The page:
How to Get to Cape Horn Hike
Cape Horn is one of my favorite “off-the-radar” Portland hikes. Though it’s located in Washington state: it’s only 30 miles from downtown Portland. You’ll find it in guide books, & lots of folks in Vancouver, Washington know about it ~ but most of my Portland friends hadn’t heard of it. Which I love….because everytime I’ve hiked here, we hardly run into any other people. It’s pretty amazing. So without further ado, let’s find out how to get to the Cape Horn hike!
Map of Cape Horn Hike
Directions to Cape Horn
Directions from Downtown Portland
Distance from Portland: 33 miles
- Take I-84 East until you reach I-205 North
- Take I-205 North toward Vancouver, WA
- After 5.7 miles, Veer Right at Exit 27 for WA-14
- Continue for 10 miles of WA-14 (Lewis & Clark Hwy)
- Turn left onto Salmon Falls Road
- Turn right onto Canyon Creek Road
- In 250 feet, Cape Horn Trailhead will be on your right
Cape Horn Hike Info
- Starting Point: Cape Horn Trailhead
- Total Hike Distance: 7.1 mile loop
- Hike Type: Loop
- Difficulty: Moderate
- Time: 3-4 hours
- Elevation Gain: 1,350 feet
- Pet-friendly: Yes (though take care near cliffs, as two dogs have died here recently)
- Kid-friendly: Maybe; take care near cliffs
- Good for Trail-Running: Yes
- Crowded: Light to moderate
- All Seasons? Yes, but lower loop closed Feb. 1st – July 15th
- Best Time to Go: Anytime
Cape Horn Hike Info & Photos
Every time I’ve hiked this trail, foot traffic has been relatively light ~ particularly after the first climb. The hardest part of the trail is right in the beginning: from the parking lot, you climb a series of switchbacks up the mountain. This is the steepest, hardest part of the trail. You’ll get glimpses of the Gorge along the way, & some great photo-ops ~ but the best views await you about a mile up: there’s a gorgeous, rock amphitheater perched on the edge of the mountain, with sweeping views out towards the Gorge.
The view is WELL worth the climb.
Past the amphitheater, you’ll start to descend the mountain, eventually passing under Highway 14. You’ll walk along what look like private roads ~ but don’t worry, you’re on the right track. Take care on the descent. I’ve taken my dog, Dylan, on this trail ~ & he did fine. But I’ve heard recently that two dogs have died here after falling off a cliff, so if your dog is older or has vision/mobility issues, leave them behind. Same goes for children.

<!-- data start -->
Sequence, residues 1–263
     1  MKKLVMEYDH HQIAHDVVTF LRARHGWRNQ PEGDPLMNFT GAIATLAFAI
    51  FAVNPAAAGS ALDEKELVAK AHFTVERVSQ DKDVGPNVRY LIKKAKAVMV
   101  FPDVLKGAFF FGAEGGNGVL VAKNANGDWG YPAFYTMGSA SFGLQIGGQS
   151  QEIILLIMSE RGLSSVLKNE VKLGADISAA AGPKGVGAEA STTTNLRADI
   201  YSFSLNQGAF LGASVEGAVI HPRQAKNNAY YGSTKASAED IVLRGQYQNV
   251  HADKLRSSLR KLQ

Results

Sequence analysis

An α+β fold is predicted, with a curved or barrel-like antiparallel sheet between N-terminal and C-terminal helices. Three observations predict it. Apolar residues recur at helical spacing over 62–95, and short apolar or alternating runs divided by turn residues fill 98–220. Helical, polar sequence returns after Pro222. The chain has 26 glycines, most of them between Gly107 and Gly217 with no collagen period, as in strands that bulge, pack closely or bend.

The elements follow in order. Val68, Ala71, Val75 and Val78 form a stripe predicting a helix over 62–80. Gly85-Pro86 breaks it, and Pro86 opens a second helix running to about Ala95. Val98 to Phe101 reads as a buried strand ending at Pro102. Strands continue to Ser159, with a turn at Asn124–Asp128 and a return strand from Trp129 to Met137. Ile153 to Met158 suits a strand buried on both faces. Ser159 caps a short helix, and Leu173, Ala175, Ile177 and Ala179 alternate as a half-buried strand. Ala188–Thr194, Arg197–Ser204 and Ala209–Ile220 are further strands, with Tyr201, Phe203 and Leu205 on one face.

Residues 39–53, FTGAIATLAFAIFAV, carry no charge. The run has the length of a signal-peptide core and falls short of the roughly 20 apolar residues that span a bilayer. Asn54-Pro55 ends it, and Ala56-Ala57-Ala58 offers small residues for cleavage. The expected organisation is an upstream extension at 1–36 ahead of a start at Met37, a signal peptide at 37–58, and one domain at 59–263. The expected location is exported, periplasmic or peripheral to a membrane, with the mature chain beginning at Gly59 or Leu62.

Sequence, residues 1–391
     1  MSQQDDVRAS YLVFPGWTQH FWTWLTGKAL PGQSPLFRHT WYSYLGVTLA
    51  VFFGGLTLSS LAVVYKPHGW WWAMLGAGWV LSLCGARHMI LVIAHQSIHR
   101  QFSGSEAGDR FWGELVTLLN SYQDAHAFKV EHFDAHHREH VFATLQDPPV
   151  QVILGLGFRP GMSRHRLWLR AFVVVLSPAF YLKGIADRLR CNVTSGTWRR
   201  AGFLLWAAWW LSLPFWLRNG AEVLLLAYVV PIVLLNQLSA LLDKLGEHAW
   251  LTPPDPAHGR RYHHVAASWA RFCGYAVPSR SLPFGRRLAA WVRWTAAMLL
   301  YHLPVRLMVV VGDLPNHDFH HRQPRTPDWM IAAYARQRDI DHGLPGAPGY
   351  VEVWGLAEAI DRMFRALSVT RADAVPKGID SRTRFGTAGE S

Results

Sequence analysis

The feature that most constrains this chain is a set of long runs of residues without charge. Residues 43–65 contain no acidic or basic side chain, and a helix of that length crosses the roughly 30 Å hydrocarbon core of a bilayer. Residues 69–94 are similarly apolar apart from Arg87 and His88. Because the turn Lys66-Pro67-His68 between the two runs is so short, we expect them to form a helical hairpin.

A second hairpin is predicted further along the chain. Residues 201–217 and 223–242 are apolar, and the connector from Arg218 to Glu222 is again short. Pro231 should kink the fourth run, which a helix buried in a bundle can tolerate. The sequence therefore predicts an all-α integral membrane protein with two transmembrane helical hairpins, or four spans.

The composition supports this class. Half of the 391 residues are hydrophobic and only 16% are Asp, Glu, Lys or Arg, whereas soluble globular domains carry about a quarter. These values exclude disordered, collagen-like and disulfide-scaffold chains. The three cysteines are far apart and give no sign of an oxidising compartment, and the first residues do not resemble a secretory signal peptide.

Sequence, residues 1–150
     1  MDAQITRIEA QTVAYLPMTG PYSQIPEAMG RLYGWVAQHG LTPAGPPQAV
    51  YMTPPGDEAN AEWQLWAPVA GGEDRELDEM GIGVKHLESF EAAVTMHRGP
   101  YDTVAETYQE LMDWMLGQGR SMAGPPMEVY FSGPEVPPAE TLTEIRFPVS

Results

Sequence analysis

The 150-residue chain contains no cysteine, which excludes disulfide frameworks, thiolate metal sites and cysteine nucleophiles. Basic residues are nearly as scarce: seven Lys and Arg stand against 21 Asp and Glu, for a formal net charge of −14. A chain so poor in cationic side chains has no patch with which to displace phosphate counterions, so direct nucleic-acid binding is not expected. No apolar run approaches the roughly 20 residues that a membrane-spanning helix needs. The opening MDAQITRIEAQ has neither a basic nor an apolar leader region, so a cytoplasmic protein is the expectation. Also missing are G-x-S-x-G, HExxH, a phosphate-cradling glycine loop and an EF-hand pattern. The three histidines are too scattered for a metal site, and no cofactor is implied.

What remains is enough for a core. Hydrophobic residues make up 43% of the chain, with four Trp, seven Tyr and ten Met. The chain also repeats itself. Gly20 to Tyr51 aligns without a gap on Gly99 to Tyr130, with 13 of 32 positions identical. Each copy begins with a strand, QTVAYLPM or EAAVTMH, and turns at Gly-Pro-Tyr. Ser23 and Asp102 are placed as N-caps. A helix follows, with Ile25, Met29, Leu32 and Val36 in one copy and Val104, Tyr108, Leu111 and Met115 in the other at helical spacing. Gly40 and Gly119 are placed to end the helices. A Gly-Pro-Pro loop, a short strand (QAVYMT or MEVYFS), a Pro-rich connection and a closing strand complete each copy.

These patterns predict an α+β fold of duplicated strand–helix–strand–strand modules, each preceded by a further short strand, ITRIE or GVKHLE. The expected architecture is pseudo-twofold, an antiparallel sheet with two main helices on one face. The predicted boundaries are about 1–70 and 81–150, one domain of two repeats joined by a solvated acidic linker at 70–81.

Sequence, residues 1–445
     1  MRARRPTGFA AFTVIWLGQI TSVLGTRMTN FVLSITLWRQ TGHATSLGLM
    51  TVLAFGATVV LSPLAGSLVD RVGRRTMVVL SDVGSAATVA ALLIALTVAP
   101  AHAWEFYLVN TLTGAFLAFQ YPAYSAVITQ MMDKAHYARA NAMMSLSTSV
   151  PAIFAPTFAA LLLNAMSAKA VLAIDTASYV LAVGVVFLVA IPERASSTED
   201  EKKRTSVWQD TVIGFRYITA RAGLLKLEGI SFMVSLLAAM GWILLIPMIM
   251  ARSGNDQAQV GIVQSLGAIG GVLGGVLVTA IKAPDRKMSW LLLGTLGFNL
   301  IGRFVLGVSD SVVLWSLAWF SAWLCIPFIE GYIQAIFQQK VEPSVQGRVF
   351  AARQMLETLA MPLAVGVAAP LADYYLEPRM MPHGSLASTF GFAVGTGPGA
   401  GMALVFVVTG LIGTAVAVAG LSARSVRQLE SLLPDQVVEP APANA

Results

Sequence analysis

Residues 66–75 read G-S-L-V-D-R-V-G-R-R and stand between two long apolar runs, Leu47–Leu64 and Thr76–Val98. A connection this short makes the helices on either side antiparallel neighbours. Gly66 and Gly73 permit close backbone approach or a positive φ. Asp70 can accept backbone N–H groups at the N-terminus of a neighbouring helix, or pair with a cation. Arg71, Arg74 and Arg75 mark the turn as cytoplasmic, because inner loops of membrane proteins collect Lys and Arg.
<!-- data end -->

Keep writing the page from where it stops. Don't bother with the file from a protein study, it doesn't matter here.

Once you reach the bottom of the descent, you can opt to go right or left. Left takes you back towards the parking lot, & right will eventually take you to Highway 14 (which most probably don’t want to do). This is also the part of the hike that’s cordoned off from February 1st to July 15th, for falcons that live near the trail. If this is the case, simply turn around & go back the way you came in.
Otherwise, you’ll end up on a nice, paved road with a gentle incline that leads you back to the parking lot. There are peaceful meadows here, & it’s a very pleasant way to end the hike.
Great Hikes Nearby
The Columbia River Gorge is FULL of amazing hikes ~ for a more complete list, click here.
Further down WA-14 (away from Portland & Vancouver) is beautiful Dog Mountain, my favorite spring hike, & Hamilton Mountain ~ both are very challenging. If you head back towards Washougal, you can stop off at Steigerwald Lake National Wildlife Refuge. Or if you want to stay overnight in the area, you’re only about 20 minutes from the beautiful Skamania Lodge.
How to Get to Cape Horn Hike
I hope you’ve enjoyed this post on hiking Cape Horn. If you have any questions about this hike or others in the Columbia Gorge, please ask in the comments below.
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